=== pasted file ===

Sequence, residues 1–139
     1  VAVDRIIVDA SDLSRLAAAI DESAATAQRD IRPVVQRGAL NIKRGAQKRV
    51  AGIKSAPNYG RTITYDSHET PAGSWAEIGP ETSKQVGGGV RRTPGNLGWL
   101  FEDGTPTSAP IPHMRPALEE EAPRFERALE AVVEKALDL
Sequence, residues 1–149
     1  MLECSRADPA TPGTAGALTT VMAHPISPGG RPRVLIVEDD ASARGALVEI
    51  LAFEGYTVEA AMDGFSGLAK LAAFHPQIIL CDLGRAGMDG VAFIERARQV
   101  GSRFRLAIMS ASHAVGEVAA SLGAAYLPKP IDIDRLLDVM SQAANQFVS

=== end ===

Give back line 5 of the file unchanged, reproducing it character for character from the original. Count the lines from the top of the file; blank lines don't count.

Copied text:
Sequence, residues 1–149